Linked by Thom Holwerda on Mon 22nd Jan 2007 16:56 UTC, submitted by Robert
Novell and Ximian Novell might have signed a patent and interoperability deal with Microsoft Corp but it is not about to give up competing with the software giant and last week released a study that suggests its Linux desktop product is better value than Windows Vista. The company's competitive guide compares SUSE Linux Enterprise Desktop with Windows Vista and claims that the Linux product provides 90% of Vista's functionality and 10% of the price.
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archiesteel
Member since:
2005-07-02

All I indicated is that maintaining Linux servers requires less manpower than maintaining Windows servers, and extrapolating that one could expect the same thing on the desktop - something which I, as a "family/friends support" technician, can very well attest to.

The fact that you quickly changed the subject to applications availability tells me that you've basically conceded that point...

I'll add a precision to what you said: you don't need the exact same applications on Linux, you need applications that can do the same thing you need. After all, companies do switch from one app to the other even when they stay after Windows (like when we switched from Outlook to Lotus Notes).

Will this suit every company? Of course not, but it doesn't need to. The fact that the MS apologists have renewed their usual FUD with extra vigour is a good indication that Novell indeed represents a threat to Redmond's quasi-monopoly.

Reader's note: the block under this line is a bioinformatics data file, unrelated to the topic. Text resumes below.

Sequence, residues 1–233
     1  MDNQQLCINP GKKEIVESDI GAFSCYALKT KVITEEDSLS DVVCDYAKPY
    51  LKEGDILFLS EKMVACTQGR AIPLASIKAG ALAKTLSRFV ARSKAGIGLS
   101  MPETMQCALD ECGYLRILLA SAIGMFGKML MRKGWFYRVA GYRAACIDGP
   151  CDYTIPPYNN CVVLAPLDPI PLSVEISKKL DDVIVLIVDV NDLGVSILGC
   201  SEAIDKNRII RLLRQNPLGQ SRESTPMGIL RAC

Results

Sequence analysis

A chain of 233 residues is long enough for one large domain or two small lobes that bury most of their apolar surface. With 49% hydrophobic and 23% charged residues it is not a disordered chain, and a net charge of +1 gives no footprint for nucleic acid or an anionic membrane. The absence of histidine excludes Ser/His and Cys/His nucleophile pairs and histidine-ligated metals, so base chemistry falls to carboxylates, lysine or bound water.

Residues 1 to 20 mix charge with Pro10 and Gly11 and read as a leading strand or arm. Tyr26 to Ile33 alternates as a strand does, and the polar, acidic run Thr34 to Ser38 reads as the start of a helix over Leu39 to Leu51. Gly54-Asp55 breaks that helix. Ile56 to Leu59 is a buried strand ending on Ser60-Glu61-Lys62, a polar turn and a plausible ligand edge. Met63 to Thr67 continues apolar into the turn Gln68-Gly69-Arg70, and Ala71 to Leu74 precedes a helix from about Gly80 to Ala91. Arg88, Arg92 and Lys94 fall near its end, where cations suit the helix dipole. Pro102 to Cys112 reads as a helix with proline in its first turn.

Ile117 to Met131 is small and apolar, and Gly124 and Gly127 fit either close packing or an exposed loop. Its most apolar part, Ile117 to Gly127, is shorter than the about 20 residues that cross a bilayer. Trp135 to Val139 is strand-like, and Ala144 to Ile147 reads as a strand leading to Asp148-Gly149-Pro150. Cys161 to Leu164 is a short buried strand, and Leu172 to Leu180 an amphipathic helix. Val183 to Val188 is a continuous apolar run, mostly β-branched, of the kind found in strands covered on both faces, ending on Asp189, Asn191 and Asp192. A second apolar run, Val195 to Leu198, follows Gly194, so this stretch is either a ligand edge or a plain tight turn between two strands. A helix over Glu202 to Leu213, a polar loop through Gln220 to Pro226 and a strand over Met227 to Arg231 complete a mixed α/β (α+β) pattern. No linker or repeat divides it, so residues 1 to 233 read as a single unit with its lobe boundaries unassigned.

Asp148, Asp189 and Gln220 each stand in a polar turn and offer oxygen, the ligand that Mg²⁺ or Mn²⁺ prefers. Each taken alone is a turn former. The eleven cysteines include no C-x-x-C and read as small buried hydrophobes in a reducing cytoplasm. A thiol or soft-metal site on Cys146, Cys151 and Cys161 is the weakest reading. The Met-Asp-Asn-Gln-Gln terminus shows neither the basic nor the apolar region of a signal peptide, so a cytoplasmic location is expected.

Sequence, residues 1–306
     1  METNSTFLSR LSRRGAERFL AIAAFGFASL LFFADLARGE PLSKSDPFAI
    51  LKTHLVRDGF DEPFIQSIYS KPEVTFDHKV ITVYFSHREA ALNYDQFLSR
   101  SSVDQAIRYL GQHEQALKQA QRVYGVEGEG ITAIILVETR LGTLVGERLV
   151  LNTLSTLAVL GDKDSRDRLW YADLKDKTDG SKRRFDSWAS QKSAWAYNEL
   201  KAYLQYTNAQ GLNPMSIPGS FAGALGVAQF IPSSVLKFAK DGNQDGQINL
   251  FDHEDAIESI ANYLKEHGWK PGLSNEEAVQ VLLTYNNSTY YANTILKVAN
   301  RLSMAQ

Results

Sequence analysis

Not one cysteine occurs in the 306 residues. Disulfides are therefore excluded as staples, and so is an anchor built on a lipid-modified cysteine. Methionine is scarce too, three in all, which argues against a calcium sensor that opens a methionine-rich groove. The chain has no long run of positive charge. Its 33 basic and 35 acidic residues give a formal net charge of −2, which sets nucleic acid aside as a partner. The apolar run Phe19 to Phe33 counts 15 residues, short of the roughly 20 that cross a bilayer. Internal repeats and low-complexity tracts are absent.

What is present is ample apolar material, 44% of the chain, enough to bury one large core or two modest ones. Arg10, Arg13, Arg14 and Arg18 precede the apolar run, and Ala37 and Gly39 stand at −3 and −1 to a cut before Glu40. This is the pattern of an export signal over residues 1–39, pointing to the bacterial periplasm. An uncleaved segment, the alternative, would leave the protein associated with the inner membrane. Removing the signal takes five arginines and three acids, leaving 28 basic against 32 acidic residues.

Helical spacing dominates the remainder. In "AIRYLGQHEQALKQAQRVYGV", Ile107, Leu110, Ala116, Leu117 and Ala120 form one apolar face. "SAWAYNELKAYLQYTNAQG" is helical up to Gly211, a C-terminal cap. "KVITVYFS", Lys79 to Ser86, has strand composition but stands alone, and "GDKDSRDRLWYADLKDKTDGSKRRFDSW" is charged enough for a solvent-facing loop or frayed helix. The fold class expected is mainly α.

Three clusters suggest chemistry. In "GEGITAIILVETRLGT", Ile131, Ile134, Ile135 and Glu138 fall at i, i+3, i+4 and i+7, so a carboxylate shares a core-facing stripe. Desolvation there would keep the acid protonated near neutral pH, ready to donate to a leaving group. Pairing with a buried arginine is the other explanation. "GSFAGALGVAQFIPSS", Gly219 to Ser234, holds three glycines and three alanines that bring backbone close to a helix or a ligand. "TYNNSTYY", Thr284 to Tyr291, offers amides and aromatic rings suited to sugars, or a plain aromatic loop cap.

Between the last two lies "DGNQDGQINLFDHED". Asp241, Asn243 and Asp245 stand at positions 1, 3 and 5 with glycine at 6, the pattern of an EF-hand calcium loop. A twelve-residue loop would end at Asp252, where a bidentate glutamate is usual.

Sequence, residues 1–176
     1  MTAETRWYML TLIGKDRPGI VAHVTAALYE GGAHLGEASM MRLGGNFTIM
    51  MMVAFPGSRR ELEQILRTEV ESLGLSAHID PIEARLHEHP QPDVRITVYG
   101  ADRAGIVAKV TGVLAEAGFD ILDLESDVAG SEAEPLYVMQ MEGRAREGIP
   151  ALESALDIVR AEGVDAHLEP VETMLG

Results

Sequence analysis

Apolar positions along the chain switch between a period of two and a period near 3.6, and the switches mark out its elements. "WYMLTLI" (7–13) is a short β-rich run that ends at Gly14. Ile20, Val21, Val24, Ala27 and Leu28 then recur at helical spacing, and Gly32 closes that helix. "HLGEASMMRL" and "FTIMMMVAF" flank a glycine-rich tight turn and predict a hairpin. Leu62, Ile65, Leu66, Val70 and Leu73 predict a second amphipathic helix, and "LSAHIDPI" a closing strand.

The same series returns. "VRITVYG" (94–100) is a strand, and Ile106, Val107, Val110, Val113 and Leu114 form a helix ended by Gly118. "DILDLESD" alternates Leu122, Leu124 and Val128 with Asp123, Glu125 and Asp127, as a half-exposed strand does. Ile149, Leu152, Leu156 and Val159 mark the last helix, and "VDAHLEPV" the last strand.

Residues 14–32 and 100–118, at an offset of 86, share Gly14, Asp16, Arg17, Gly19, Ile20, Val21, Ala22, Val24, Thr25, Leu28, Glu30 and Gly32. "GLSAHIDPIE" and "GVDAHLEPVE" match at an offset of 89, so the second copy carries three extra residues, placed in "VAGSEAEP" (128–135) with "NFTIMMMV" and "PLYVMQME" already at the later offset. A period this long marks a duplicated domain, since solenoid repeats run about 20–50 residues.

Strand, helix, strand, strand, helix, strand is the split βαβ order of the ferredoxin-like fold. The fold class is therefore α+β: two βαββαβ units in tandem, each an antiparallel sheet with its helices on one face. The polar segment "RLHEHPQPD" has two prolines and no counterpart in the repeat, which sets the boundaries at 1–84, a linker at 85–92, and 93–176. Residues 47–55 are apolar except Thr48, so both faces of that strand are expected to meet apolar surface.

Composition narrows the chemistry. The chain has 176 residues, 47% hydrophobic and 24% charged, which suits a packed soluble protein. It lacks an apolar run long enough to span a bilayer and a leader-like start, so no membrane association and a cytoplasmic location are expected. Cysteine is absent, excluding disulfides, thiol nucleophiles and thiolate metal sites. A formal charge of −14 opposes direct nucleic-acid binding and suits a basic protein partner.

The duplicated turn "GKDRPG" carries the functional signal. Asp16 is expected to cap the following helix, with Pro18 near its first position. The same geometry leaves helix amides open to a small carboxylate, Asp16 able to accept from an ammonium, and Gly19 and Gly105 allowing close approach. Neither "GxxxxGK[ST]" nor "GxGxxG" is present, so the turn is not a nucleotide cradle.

Reply Parent Score: 2

kaiwai Member since:
2005-07-06

The fact that you quickly changed the subject to applications availability tells me that you've basically conceded that point...

And the fact that you post a smart ass comment like that speaks volumes to the fact that you didn't read my comment, let alone comprehend what I was saying.

Studies can be bent either way; they're like statistics, you can bend to say what ever you want them to say - if statistics state that the number of reported crimes have gone up, a government will say that due to the increase in spending on law and order, people feel more confident that criminals will be caught; if the number of reported crimes go down, the government will claim that due to its tough stance on law and order, they've lowered the rate of crime due to the tough deterant.

I never said that I believed Linux was cheaper or Windows was cheaper; hence I gave an example as to how one cam claim one is more expensive than another by simply not using the tools that are available by the said software companies, and more importantly, its ignorant to say that there is somehow a blanket one size fits all idea that the cost said in the report can be duplicated in almost ever setting.